22 Sep Over coming the great battle in the mind

It has long been understood by the greatest wisdom traditions through the ages, that our deepest nature is innately loving, kind, creative and compassionate. It’s the true self that we identify with most and wish was more present, more of the time. It’s the aspect of ourselves we love; the optimistic, kind, caring, patient, enthusiastic, generous, sensitive and wise personality. However, for most, there is a great battle taking place within our minds and hearts a lot of the time. It’s a battle to stay present and aware of our true nature amidst the barrage of negativity being hurled into our mind by the illusive, over-opinionated, mistrusting cynic in us.

The unspoken reality is that for most, the mind is like a battlefield. A perpetual tug-of-war fuelled by fear, self doubt, jealousy, prejudice, worry, regret, shame, guilt, disappointment, negative comparisons, second-guessing and self loathing.

This ensuing battle weighs heavy on our self-confidence, drains us of our life force and we often succumb to the cynic in the name of staying safe and surviving. Some days are a lot easier than others, but some days when the negative rant dominates, life can be a real struggle. We become overwhelmed with feelings; anxiety, frustration, hopelessness, disconnection, despondency and at worst, despair. When we feel overwhelmed, our instinct is to retreat and or blame something outside ourselves.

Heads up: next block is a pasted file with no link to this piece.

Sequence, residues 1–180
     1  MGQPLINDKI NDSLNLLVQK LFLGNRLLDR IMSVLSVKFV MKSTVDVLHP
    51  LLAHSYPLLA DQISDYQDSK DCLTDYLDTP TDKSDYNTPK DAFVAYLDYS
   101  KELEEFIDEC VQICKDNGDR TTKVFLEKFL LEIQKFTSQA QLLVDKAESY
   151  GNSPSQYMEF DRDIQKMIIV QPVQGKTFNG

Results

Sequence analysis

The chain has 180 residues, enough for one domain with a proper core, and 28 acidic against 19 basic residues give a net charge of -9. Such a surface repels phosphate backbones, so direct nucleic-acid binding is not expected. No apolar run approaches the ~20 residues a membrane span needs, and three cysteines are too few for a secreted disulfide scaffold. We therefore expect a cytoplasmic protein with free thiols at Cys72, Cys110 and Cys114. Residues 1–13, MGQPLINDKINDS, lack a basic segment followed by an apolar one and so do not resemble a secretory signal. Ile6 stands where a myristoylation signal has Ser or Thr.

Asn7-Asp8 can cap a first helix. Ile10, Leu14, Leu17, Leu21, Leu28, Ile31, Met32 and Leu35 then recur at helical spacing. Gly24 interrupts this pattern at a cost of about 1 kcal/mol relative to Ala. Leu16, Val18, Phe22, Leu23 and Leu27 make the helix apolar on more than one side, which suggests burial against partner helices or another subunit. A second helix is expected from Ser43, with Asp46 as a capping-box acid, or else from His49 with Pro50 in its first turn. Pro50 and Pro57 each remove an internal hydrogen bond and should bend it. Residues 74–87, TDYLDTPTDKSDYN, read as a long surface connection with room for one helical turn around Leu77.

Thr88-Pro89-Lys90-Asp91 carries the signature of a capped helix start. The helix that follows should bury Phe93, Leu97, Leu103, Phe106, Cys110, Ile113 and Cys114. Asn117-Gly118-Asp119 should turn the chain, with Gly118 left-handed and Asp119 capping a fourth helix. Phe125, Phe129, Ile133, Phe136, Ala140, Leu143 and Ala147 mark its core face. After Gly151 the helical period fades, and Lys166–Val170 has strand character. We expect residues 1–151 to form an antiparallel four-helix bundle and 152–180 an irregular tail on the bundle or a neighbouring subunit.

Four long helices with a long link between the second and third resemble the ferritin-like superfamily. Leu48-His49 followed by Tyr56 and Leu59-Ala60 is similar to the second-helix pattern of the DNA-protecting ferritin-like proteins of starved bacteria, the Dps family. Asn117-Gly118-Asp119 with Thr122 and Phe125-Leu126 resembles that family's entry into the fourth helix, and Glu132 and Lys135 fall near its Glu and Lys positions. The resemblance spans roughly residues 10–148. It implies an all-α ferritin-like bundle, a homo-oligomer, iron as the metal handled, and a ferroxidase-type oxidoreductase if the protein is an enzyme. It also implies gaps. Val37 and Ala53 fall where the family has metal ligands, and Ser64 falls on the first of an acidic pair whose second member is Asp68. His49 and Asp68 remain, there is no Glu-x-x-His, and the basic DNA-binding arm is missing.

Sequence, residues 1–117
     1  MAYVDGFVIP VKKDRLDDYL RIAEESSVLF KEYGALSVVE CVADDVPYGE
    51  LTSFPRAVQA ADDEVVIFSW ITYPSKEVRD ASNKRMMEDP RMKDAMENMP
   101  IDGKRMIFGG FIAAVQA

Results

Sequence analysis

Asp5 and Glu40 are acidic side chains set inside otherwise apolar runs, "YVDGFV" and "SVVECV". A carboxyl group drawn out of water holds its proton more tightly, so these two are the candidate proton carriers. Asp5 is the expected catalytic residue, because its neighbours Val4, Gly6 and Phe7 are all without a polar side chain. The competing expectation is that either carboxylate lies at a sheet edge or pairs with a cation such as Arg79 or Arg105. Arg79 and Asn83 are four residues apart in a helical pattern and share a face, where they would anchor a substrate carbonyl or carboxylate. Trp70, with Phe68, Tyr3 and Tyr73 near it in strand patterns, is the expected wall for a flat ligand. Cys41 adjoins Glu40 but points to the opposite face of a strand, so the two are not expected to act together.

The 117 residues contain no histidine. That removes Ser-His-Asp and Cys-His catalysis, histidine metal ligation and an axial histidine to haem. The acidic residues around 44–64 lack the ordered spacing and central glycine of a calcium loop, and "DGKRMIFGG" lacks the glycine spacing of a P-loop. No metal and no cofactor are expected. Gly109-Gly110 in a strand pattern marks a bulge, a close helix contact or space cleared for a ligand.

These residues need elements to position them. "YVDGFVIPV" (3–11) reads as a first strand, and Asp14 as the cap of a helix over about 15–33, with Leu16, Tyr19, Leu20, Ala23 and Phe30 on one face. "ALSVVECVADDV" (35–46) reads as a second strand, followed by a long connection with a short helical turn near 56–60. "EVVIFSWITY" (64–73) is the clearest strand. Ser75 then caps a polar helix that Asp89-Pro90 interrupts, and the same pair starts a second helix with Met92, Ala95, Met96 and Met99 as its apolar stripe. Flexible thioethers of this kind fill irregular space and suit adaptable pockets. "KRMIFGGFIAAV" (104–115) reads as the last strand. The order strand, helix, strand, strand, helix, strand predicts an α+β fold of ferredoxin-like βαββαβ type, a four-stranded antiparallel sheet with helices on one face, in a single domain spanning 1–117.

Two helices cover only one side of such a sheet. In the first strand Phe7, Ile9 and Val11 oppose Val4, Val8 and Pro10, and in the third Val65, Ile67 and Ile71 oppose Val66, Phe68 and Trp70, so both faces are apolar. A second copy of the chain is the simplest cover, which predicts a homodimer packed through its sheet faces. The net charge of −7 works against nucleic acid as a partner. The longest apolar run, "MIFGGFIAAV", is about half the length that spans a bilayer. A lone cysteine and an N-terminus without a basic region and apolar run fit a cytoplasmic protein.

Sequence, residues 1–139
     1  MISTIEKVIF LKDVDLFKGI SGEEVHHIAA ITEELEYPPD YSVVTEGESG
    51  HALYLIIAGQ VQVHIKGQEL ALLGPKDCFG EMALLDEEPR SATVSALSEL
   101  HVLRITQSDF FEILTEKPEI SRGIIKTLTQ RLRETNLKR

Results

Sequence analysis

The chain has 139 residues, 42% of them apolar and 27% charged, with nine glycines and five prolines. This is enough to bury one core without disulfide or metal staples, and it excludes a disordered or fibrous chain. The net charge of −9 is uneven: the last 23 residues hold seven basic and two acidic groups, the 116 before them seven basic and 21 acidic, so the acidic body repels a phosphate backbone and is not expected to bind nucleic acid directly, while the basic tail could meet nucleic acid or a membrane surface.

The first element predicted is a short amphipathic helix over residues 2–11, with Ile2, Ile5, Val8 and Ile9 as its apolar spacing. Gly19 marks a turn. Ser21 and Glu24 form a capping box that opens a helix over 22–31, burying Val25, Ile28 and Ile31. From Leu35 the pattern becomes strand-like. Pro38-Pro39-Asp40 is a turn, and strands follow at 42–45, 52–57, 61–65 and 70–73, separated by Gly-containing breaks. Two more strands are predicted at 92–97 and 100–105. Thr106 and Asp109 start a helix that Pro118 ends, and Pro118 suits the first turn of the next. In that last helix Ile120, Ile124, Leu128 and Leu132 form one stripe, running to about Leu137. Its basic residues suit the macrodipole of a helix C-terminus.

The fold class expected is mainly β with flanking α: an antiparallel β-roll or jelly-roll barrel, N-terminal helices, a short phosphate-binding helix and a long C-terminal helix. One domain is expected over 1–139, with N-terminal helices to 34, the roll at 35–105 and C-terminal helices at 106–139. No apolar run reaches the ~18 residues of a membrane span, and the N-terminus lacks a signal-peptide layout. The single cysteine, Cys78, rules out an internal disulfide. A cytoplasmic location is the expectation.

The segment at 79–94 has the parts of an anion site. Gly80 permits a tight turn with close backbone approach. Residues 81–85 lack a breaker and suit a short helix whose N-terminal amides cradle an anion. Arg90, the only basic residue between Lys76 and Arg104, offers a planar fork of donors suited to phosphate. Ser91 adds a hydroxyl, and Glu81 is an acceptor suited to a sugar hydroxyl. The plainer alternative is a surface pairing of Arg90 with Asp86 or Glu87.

In our withdrawal we seek ways to comfort ourselves from this experience – some turn to drugs, alcohol, and sex, while others eat lots food, or not enough food, gamble, shop, the list of comforting devices goes on.


As a professional meditation teacher, I’m privy to the inner realities of people from all walks of life, such as CEOs of fortune 500 companies, billionaires, professional athletes, doctors, teachers, psychologists, mums and dads. What I can tell you is that this battle is happening to everyone in varying degrees and is having a profound impact on our capacity to grow and be the best versions of ourselves.

So why are we so fragmented and disconnected from our innate nature of loving, kind and creative compassion? Why is it we struggle to remain present? Why is it that we are dominated by regret of the past and worry of the future? What are we so afraid of that stops us from being free and innocent in the present moment, being fully expressive of our deepest nature?

In a nutshell, it is something we have learned from a very young age. We have been indoctrinated into a paradigm of worry and control. We have been trained to ignore our instincts (intelligent impulses from our true nature) and we have been instructed to live from an intellectual foundation – rational thinking based on information from the past to pre-empt likely outcomes in the future.

When the foundation of our decision-making is based on worry and control then this becomes the basic mode we operate in. It breeds mistrust of ourselves, the spontaneous expression of our true nature and ultimately our ability to be authentic. Mistrust of ourselves, our instincts and the intelligent flow of life is where all the problems start. The outcome is an internal battle that can be nothing short of crippling.